2013 is here, and earnings season has already started ramping up. The key to making smart investment decisions with companies releasing their quarterly reports is to anticipate how they'll do before they announce results, leaving you fully prepared to respond quickly to whatever inevitable surprises arise. That way, you'll be less likely to make an uninformed knee-jerk reaction to news that turns out to be exactly the wrong move.

Let's turn to Johnson Controls (NYSE:JCI). The maker of automotive components and building control and HVAC systems has seen its stock rise in recent months in anticipation of a long-hoped-for economic recovery. But will the company really benefit from that growth? Let's take an early look at what's been happening with Johnson Controls over the past quarter and what we're likely to see in its quarterly report Friday morning.

Stats on Johnson Controls

Analyst EPS Estimate


Change from Year-Ago EPS


Revenue Estimate

$10.25 billion

Change from Year-Ago Revenue


Earnings Beats in Past 4 Quarters


Source: Yahoo Finance.

Will Johnson Controls earn or burn?
Looking at analyst projections, it's hard to get excited about Johnson Controls and its prospects for a favorable quarterly report. With the company having missed estimates twice in the past year, investors can't feel confident it won't miss again this time, even with analysts having cut their initial estimates for the quarter by more than 20% already. Yet even given those headwinds, the stock has risen more than 23% since mid-October.

The primary driver of Johnson Controls' earnings will likely come from automakers Ford (NYSE:F) and General Motors (NYSE:GM), which are some of the company's biggest customers. Both of those companies had relatively strong fourth quarters, and even though they've been losing market share, both have posted impressive progress from their respective low points.

But the ongoing saga of Johnson Controls' attempt to buy the assets of bankrupt A123 Systems continues to go badly. After losing an auction for A123 to Chinese-owned Wanxiang America, Johnson Controls has challenged the decision, and the U.S. Committee on Foreign Investment will have to review the deal before it becomes final. If Johnson Controls can capture victory from the jaws of defeat, it will mark a useful asset to have in its fight against rival Exide Technologies, which would much prefer not to have Johnson Controls get A123's technology.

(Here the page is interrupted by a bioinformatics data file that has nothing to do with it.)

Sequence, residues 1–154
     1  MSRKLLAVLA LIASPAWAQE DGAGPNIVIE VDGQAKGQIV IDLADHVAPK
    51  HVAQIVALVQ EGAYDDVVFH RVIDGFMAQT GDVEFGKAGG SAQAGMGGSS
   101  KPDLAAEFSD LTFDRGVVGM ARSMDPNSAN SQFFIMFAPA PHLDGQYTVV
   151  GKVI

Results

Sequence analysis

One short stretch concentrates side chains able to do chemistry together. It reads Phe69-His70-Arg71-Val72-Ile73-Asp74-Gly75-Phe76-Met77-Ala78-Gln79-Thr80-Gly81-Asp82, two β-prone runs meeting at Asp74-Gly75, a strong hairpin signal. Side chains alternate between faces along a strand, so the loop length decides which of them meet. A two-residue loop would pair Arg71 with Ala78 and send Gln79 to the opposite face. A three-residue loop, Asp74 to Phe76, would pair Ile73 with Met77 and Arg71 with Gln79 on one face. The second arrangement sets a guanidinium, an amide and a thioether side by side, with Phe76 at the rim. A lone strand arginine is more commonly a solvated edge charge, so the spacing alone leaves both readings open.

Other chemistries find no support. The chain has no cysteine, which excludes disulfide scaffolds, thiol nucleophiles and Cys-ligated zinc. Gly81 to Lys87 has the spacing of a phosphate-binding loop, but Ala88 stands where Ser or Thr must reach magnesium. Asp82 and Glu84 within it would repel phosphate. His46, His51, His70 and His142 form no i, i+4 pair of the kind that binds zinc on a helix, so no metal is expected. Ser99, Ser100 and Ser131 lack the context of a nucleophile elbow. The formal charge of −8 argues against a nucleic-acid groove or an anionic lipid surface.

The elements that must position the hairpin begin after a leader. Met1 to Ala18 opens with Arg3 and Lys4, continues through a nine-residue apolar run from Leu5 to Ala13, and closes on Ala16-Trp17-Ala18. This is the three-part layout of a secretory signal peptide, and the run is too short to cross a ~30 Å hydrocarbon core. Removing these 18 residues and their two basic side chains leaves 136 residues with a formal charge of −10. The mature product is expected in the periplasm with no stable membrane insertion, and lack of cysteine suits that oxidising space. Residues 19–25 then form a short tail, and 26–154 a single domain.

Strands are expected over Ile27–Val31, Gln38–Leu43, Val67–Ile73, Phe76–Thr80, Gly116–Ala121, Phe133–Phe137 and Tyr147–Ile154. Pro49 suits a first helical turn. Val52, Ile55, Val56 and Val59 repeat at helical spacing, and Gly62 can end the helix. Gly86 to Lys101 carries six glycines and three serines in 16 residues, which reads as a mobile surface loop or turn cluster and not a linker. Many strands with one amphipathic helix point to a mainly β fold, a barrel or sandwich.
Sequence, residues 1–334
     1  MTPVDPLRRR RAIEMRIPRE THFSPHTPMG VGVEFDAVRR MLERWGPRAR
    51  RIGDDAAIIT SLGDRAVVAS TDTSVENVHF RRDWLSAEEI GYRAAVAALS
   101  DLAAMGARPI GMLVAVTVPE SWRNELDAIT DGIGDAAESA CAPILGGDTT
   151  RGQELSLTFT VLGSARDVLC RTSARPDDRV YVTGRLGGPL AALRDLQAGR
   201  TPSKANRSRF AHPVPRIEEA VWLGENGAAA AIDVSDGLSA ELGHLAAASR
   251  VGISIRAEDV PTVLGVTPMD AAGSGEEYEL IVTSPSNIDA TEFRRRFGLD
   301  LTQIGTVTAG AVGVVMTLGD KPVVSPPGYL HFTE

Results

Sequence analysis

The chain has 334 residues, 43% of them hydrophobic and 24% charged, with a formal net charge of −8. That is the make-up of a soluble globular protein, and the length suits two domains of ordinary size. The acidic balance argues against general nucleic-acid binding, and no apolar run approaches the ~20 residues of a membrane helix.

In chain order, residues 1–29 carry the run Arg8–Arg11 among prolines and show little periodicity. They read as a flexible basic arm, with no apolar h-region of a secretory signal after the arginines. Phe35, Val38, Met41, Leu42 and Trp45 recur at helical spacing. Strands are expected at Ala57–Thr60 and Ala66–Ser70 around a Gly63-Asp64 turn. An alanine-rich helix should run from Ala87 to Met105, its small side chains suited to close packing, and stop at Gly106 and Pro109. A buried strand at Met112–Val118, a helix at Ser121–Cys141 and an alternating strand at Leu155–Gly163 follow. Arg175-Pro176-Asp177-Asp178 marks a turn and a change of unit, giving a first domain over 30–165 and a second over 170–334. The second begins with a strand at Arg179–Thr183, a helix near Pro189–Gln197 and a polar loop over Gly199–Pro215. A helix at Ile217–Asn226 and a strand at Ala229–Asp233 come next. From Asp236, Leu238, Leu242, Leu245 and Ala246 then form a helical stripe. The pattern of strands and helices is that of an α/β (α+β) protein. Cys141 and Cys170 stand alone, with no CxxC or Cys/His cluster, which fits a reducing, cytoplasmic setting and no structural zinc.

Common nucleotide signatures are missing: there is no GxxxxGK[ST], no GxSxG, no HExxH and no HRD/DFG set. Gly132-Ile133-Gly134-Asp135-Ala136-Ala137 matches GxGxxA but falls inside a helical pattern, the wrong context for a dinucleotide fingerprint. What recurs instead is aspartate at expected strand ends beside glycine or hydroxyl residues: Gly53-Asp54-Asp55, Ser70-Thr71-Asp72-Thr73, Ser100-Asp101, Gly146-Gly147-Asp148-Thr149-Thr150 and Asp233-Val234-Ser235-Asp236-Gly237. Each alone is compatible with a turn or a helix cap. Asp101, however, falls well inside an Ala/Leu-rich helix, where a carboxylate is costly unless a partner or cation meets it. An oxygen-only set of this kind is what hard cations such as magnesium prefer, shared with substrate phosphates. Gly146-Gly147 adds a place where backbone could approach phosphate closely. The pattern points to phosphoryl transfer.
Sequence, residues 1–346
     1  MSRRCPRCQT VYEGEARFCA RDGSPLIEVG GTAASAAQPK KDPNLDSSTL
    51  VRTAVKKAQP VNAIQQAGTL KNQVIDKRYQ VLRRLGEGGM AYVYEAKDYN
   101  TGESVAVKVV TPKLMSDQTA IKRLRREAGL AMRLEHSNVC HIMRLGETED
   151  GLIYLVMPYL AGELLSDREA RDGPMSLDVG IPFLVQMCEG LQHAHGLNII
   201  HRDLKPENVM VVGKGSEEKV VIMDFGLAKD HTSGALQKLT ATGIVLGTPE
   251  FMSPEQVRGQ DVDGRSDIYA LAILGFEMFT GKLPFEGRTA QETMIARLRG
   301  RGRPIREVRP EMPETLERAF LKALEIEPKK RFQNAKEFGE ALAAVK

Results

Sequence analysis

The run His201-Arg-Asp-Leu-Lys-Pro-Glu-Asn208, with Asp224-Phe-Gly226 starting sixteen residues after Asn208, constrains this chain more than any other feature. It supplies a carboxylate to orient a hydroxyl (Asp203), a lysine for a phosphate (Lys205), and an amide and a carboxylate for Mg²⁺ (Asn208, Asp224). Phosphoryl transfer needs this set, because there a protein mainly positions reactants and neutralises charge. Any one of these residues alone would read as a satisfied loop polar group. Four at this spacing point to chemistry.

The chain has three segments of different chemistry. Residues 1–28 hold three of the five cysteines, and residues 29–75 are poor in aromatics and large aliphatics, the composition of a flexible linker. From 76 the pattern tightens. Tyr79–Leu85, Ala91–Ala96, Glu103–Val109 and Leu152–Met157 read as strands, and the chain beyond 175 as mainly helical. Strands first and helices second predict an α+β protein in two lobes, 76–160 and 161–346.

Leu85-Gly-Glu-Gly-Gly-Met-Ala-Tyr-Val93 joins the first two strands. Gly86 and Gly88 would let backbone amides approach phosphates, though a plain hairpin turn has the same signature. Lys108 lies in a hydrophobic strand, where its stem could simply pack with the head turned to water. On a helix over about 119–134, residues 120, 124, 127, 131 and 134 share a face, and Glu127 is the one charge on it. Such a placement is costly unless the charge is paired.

Beyond earnings results, investors also need to look for any signs of a potential break-up of the company. Between its building HVAC and security systems business, its auto components segment, and its traditional and hybrid battery technology, Johnson Controls could find buyers for parts of its business, just as it sold its marine refrigeration-control business to Emerson Electric early last year.

Johnson Controls will be a good early indicator of how industrial activity fared during the fourth quarter. Better-than-expected news could end up lifting the entire market.

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This article represents the opinion of the writer, who may disagree with the “official” recommendation position of a Motley Fool premium advisory service. We’re motley! Questioning an investing thesis -- even one of our own -- helps us all think critically about investing and make decisions that help us become smarter, happier, and richer.